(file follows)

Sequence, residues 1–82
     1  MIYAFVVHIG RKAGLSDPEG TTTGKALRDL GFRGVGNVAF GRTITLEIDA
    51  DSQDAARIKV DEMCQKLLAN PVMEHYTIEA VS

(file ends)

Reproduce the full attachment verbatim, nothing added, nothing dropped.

Sequence, residues 1–82
     1  MIYAFVVHIG RKAGLSDPEG TTTGKALRDL GFRGVGNVAF GRTITLEIDA
    51  DSQDAARIKV DEMCQKLLAN PVMEHYTIEA VS